Describe your desk
Maple hexagonal kitchen table, Easyboy Captain's chair, wireless keyboard/mouse, room for paper or cat to sprawl, grammar book, two 32" TV monitors because I hate squinting or popping windows back and forth and use the internet, my email, FB, and Word a lot; I have a microphone, charging cell phone, a land-line phone, have backup memory sticks and docking station so I can grab the laptop and go when I want. I can see the wide-screen TV, and have surround sound, a Microsoft HD camera, and Blue golfball mic for Skype, a set of pens and paper at the ready. My desk is in the living room but I am behind the 2 monitors 7+ hours a day.
Do you remember the first story you ever wrote?
Yes, grade 9 English ... for some reason the novel about the "Titanic" we were reading for English class did not have the right dialogue in it for me. I watched the 1953 version on TV the same week, so I wrote my own dialogue for Barbara Stanwyk's role in one scene, akin to what would be considered flash fiction today. My effort was noticed by the substitute teacher, who graded me with an "A." She talked with me after school about becoming a writer -- she was the second person to push me, the first was my mother.
Where did you grow up, and how did this influence your writing?
Here, and rural Victoria BC, then Vancouver when I was 9 years old. Until Vancouver, my life was idyllic and I was influenced by Nature and farms, my grandparents, my parents and three sisters, and cousins and aunts and uncles, too. For a while, we all lived together on the same farm. The ocean was and is always a part of my soul -- was my first powerful connection to a life of adventure that existed outside my parent's influence. Vancouver was fighting, bullies, parents in distress and passing it on to us, failures at school, painful dissolution of the family, and my having to leave the home at an early age in order to survive -- I don't think that's an exaggeration. Self-reliance is a recurring theme in my novels, anti-authority, recalcitrance, as well. But so is humor, which came from the family home.
When did you first start writing?
I always thought I would write, relied on the thought, actually. I scratched out letters whenever I was away from home, from as early as 7 years old when I was visiting relatives during the holidays. I have some of those letters still. I went to university as an English undergrad. Most of what I wrote then was naive and bad, but I still read some of it from time to time as a milestone check. One short story I wrote then, "Victory Square" was published recently in an ezine in Toronto, so it was not all bad writing. Nine years ago, my life simplified painfully, and I was free to pursue what I wanted, so I took up the pen and have not put it down since. I consider that time the beginning of my writing career, so 2007.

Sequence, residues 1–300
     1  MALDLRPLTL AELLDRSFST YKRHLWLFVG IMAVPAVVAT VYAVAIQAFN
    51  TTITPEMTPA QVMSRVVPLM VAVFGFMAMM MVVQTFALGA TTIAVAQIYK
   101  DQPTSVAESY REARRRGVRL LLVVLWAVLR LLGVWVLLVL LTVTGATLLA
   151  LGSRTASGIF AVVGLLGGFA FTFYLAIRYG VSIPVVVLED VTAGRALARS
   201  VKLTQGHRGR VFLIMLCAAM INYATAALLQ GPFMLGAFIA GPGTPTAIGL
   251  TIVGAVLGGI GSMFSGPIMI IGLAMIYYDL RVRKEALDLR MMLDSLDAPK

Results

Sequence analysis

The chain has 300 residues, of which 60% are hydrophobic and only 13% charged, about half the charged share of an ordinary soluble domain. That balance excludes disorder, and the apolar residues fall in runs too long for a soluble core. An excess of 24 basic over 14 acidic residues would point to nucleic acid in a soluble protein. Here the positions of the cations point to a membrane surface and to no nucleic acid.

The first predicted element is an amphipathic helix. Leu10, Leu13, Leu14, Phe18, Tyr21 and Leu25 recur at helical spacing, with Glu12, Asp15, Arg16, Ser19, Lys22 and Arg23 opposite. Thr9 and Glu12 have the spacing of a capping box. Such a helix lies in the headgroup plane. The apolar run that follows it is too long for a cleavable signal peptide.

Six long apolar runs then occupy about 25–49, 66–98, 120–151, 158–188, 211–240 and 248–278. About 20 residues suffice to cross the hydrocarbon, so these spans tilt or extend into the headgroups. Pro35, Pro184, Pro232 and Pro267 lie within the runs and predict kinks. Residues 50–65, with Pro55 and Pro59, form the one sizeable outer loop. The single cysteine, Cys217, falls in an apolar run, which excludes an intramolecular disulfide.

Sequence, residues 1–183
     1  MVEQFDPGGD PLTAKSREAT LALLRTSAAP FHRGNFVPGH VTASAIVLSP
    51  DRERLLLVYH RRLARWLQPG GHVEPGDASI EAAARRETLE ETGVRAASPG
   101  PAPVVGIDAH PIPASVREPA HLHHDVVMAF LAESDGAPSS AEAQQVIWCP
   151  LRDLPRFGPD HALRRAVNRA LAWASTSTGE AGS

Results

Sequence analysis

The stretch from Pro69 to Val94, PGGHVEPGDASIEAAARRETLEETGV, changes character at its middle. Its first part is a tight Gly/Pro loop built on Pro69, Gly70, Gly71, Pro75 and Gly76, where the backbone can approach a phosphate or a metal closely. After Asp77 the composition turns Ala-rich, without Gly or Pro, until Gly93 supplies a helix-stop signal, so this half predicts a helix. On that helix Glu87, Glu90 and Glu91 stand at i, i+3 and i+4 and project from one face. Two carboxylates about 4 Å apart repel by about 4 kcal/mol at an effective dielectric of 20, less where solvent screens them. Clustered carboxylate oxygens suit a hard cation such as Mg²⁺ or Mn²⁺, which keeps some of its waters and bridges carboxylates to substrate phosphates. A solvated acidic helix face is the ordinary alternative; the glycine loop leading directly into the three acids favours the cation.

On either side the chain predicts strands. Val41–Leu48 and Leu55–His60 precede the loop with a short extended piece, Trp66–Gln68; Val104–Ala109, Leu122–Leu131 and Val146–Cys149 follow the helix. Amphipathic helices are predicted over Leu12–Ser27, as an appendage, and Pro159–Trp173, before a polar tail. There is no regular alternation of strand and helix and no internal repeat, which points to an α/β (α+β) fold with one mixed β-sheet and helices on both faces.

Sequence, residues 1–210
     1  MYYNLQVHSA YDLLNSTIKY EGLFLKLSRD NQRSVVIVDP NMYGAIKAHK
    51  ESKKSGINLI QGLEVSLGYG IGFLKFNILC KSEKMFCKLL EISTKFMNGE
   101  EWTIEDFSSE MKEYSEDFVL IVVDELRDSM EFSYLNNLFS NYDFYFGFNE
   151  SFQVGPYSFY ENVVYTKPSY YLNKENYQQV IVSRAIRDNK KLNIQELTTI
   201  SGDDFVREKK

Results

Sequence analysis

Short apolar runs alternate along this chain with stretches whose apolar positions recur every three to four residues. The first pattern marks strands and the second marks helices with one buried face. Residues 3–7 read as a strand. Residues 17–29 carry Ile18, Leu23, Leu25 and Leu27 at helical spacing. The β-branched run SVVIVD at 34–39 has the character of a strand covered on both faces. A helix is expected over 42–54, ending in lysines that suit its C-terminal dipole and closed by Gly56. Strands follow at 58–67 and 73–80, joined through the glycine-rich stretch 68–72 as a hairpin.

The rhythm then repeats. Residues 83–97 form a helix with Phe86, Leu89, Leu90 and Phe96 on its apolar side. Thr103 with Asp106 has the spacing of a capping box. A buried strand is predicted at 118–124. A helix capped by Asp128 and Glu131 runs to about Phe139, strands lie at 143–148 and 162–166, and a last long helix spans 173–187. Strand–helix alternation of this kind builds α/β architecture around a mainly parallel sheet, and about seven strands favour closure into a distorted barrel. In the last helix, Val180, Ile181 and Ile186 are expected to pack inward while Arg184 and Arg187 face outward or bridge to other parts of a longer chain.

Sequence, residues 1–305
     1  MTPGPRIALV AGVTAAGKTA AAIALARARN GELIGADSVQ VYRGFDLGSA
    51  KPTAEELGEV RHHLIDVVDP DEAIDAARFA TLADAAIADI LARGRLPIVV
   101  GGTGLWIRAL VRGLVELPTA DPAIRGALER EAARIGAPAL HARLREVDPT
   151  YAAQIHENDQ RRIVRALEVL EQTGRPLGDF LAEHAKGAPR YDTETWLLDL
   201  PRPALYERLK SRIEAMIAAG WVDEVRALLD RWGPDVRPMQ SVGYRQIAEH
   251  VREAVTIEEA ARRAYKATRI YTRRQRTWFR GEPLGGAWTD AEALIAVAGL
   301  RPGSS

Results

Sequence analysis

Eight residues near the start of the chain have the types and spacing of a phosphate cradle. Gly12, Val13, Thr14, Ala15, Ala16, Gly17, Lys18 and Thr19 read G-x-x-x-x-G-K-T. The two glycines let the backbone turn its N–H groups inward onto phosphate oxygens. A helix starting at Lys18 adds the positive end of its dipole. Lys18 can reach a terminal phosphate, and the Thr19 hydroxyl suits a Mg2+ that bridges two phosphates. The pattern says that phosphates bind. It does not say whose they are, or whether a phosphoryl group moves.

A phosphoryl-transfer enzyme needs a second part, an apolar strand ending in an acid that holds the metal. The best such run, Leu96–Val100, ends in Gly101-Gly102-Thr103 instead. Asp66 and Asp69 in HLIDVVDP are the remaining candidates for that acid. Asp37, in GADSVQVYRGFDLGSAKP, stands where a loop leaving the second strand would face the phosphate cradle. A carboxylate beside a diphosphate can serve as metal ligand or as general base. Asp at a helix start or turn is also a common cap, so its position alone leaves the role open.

Do you remember the first story you ever read, and the impact it had on you?
The first significant reading I did on my own was the "Hardy Boys: The House on the Cliff." I read half the book after school one day -- shocking myself. I don't know what possessed me that afternoon, but I was bewitched and ravenous for more! The thing that got to me, which I have still, is that reading for pleasure was something I discovered/learned by looking for adventure, and it was something that I could do, was good at, and enjoyed! I recall feeling fantastical about the magic of chapters building into a connected story and the cathartic (did not know the word but got it anyway) feeling of solving a novel mystery. There was a true transfer of wonder that day, and I've been an avid reader ever since.
When you're not writing, how do you spend your time?
I live in a remote part of BC, on Vancouver Island, so I spend my time outside every day for at least a part of the day.
How do you discover the ebooks you read?